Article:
In theory, their motto is about not doing evil, but Google sure does some smelly things that we can only guess at because of their opaqueness. Like giving favorable image search results to sites that obviously scrape content from other sites and serve it up as shoddy copies.

I do a lot of searching of Google Images using the filters for results that are open licensed. I have serious questions about the ordering of results.

Like what?

I forget now the keywords, but this came up within the first fold of results, at this URL http://maxpixel.freegreatpicture.com/Boy-Camera-Baby-Child-Street-Kids-Hat-Kid-City-2863615

Now jusy make a simple domain swap to https://pixabay.com/Boy-Camera-Baby-Child-Street-Kids-Hat-Kid-City-2863615/.

Do you notice anything similar? Same picture. Almost the same layout. Even the favicons are similar. But if you have a keen eye, you will notice on the maxpixel site:

  • There is no credit given to the photographer (in the top right of the pixabay version)
  • Notice a lack of a link on maxpixel for Creative Commons. Nada
  • The awkward language below the photo “Our team was selected carefully before publish at here . If it is helpful to you, please share with your friends.”

I see this rampant in image search results- high placement for images from maxpixel above the ones from pixabay. You do not need a fancy degree to see that this site is scraping content from pixabay. You can say on a legal hair that they are not stealing because the photos are public domain. That’s not the issue.

But look at those sites side by side. How does the great Google AI not see the duplication?

I can’t find any info on the domain freegreatpicture.com besides it’s registration with Namesilo.com — at least the registration for pixabay.com is a German company which aligns with the info on their site.

From their primary domain, I learn there is a “Mr Bang” and friends behind this:

We are a group that includes many members, associates specializing in graphic design scattered all over the world. All are focused freegreatpicture.com construction site, with the aim of providing users tens of thousands of pictures, wallpapers and designs of high quality.

Very rich category, vivid color, beautiful image, it will bring you more emotional.

It does not say that they scrape the rich category, vivid color, beautiful images from other sites.

But the practice gets even more creepy when you see your own photos scraped to other image farms, and their results rank higher than the originals.

I did a Google image search (results filtered licensed for reuse) on the word “juxtaposition”. I recognized two photos in the results that are mine, except they are coming from pxhere.com

Two of my own photos that are on flickr, show up in results

Here is one of the originals, from my flickr account:

Dog Blues


Dog Blues flickr photo by cogdogblog shared under a Creative Commons (BY) license

It’s licensed CC BY (one of a bunch that did not get batch converted to CC0, that’s a story for another day). The thing is, all the photos on pxhere.com are licensed CC0. While they can reuse by image, they cannot do so without attribution nor can they change the license.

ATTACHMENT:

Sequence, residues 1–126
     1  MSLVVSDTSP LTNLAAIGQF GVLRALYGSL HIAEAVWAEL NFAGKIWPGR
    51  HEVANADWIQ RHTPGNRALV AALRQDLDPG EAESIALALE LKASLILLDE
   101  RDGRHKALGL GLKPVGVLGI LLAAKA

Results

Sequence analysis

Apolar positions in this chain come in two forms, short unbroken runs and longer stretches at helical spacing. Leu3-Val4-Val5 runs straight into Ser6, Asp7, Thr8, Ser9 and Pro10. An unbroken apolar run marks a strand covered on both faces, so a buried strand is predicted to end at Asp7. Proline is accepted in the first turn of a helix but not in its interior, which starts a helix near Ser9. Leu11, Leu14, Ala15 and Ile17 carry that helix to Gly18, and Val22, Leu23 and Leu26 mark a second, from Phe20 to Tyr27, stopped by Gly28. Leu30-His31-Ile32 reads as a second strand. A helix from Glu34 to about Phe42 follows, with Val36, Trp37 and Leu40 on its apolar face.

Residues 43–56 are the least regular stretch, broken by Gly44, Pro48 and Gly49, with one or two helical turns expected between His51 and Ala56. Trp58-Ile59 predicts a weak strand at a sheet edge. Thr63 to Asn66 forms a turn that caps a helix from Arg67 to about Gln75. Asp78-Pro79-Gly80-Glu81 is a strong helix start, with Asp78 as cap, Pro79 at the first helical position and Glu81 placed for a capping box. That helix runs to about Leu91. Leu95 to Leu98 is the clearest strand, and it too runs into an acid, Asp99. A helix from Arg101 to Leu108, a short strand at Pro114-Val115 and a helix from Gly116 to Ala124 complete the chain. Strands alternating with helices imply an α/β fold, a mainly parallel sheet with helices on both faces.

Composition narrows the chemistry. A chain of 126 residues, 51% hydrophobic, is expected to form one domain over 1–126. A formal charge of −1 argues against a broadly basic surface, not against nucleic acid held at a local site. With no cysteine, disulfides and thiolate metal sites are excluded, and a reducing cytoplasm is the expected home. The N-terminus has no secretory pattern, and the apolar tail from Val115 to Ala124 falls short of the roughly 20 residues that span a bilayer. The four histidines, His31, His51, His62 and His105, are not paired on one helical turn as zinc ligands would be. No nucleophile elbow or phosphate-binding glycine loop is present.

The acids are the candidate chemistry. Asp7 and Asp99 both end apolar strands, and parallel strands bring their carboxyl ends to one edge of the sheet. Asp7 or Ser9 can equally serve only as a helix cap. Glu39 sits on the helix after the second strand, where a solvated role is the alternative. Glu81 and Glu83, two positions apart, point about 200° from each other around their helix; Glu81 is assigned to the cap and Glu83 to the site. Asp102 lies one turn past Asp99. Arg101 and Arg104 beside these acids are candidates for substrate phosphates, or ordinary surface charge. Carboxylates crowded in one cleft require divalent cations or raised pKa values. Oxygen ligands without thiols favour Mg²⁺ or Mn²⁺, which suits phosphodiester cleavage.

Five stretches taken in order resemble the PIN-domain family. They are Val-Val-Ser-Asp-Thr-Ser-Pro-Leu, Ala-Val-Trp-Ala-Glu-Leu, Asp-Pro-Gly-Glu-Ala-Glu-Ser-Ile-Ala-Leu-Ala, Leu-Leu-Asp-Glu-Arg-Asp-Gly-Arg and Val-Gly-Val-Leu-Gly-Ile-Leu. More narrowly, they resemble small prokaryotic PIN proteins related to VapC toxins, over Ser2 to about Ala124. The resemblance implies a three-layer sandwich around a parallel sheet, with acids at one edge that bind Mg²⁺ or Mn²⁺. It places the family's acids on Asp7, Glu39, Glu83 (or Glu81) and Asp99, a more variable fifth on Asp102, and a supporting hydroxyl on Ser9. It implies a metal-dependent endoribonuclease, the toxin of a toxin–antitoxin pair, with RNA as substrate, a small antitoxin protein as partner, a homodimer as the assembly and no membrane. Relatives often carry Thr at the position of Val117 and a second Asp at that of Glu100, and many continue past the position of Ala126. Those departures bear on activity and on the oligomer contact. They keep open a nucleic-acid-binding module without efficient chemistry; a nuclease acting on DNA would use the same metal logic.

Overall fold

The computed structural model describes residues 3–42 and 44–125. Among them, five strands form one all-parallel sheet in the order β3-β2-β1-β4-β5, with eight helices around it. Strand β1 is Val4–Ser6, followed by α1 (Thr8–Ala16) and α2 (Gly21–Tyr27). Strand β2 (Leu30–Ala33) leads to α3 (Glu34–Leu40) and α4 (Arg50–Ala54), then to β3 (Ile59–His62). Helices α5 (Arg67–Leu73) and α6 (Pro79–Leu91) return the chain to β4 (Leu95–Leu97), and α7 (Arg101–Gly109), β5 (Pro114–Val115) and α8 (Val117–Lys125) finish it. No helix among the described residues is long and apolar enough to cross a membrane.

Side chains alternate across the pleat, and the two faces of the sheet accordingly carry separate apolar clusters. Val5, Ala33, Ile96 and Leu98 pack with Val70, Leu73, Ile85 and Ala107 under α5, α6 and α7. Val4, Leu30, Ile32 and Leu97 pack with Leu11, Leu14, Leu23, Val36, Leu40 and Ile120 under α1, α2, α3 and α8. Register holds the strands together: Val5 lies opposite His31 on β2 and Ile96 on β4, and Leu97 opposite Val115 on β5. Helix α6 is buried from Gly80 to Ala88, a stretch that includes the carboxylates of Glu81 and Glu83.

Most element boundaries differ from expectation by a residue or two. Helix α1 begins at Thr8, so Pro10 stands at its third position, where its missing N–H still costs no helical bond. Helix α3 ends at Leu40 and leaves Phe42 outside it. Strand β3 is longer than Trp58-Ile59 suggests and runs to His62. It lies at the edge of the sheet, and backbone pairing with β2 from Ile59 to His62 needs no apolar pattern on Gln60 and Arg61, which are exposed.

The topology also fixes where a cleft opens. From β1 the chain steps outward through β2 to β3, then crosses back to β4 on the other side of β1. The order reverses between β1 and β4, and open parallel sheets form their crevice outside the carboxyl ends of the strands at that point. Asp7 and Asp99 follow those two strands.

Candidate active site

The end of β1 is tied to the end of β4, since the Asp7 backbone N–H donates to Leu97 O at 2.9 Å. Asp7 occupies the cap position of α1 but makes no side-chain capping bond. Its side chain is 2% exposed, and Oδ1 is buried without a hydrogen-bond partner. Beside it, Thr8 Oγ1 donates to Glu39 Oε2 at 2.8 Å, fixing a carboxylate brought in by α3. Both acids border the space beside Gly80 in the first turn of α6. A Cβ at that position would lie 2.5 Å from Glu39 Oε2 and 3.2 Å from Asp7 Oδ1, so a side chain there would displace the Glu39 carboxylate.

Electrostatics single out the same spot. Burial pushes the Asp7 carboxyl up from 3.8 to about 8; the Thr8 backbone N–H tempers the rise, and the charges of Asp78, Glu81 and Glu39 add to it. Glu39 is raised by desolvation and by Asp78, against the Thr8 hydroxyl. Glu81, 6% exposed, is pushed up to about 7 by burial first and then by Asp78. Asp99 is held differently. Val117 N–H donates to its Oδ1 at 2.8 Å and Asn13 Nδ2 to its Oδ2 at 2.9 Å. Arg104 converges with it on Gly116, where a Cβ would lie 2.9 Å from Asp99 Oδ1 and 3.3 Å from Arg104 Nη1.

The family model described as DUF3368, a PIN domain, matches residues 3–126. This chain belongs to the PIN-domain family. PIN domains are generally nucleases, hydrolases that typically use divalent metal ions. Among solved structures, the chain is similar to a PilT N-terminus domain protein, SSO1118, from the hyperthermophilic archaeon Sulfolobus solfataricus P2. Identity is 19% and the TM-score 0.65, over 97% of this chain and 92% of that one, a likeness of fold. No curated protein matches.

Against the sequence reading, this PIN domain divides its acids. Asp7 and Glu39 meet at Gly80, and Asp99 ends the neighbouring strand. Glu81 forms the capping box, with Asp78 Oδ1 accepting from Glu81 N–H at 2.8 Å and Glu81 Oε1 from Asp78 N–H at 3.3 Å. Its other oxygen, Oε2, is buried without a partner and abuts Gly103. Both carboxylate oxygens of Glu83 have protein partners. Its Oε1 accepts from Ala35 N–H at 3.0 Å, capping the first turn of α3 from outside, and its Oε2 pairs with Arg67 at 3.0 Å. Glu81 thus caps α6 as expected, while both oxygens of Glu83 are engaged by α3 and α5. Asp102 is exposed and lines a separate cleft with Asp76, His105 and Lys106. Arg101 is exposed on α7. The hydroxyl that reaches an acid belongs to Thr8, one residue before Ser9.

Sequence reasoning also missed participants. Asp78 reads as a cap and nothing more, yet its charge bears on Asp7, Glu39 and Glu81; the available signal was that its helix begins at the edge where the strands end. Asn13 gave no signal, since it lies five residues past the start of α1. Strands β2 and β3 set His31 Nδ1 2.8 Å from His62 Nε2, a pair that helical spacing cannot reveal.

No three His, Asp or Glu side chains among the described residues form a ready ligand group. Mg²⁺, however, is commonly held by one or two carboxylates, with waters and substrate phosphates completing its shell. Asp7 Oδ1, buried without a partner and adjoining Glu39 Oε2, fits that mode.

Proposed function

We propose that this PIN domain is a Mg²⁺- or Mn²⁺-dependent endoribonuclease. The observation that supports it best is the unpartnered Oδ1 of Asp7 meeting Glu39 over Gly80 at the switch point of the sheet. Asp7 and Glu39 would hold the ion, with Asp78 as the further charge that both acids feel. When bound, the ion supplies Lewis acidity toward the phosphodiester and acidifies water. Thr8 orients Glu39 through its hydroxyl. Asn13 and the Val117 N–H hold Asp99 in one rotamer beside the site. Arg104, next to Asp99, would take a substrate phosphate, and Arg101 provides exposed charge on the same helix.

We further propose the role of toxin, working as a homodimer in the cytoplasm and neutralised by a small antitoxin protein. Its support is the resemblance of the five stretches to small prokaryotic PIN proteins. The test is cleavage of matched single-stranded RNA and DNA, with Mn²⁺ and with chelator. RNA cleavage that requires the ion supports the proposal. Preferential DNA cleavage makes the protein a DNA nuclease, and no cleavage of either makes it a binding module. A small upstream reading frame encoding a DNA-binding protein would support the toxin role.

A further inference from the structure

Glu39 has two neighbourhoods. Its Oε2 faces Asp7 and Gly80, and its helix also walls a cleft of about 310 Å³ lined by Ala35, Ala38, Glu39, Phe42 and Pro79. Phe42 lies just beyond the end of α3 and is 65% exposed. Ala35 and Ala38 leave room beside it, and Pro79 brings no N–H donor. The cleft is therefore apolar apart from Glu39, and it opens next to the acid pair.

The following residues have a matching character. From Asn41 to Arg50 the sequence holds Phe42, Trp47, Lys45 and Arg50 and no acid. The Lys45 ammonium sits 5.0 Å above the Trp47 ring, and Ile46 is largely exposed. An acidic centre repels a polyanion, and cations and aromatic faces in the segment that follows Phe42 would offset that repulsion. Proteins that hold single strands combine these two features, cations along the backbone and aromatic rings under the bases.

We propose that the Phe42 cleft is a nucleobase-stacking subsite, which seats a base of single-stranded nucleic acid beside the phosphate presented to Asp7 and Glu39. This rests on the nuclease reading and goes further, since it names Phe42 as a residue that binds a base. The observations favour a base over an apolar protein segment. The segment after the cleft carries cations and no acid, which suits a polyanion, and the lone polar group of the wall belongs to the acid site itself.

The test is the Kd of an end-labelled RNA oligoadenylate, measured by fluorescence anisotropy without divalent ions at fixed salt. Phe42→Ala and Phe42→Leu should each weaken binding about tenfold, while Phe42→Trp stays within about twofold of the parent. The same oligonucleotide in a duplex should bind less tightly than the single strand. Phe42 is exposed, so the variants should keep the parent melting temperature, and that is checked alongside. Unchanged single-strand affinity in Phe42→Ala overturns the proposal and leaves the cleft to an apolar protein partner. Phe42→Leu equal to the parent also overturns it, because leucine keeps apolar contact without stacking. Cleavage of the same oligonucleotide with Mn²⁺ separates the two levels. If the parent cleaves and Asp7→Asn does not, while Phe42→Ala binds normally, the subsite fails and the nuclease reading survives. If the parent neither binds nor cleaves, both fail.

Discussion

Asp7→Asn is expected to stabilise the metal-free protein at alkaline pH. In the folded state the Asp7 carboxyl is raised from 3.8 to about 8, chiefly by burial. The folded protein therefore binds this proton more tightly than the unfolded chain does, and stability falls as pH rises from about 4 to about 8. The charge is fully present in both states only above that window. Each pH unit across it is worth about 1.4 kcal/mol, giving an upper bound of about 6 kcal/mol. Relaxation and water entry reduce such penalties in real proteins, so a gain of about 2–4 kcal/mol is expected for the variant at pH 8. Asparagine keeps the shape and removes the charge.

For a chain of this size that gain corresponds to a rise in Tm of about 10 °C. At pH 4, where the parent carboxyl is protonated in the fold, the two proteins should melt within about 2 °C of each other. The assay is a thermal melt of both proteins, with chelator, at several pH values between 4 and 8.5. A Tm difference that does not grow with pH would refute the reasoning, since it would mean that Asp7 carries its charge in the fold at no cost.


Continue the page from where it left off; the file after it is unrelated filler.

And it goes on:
So I let them know.

Reporting my own photo!

I never heard back, but the photo is gone from pxhere.com. A nano victory.

So for comparison, here is a comparison again, one of my original photos (CC0)

Here is the same photo on pxhere.com that gets returned as a higher ranked result in Google Images:

The major difference is it gives me no credit nor links to my original. But that’s not the problem, since I licensed it CC0, which 99.999999% of people explain as “That means you can use it without giving attribution”

And yes, re-use here means that people can set up large image farms of other people’s images. That’s all legit. I do not argue with that.

What I think odd is the higher placed the scraped photos are over the original.

The reason is actually simple– metadata, SEO drenched soaked keywords.

You do not understand by comparing the images on the web page, you compare by looking at the source code. This is the IMG tag for my original photo on flickr:

Now look how many keyword have been added to my photo in the source code for the same image on pxhere.com

The lesson is that Google is not searching images, it is searching metadata. It thinks and acts like an algorithm. And algorithms are gamed.

I’ve wondered about switching my methods… I like using the google search because I can use their modifiers, and I can get results from Wikimedia Commons, flickr, and pixabay (my usual sources). But it bothers me that Google gives higher preference to scraper sites that sprinkled photos with metadata, or worse, just wholesale lift copies of content from legitimate sites.

Not evil, but not very human.


Featured Image: I did a Google image search for “thief” with options for results that are licensed for reuse. As usual, I see results from the site http://maxpixel.freegreatpicture.com/ such as this one that are obvious thefts of the ones at pixabay (just switch the domain to the source).

Original Pixabay (not Maxpixel) photo by annawaldl placed into the public domain using Creative Commons CC0.

Profile Picture for Alan Levine aka CogDog
An early 90s builder of the web and blogging Alan Levine barks at CogDogBlog.com on web storytelling (#ds106 #4life), photography, bending WordPress, and serendipity in the infinite internet river. He thinks it's weird to write about himself in the third person.

Comments

  1. The value add of being able to search from a central point includes the algorithms (secret sauce) GoogleCo sprinkle on it. It would be nice to be able to strip that secret sauce back off and just get the results, without the gamed metadata al-GO-riddums.

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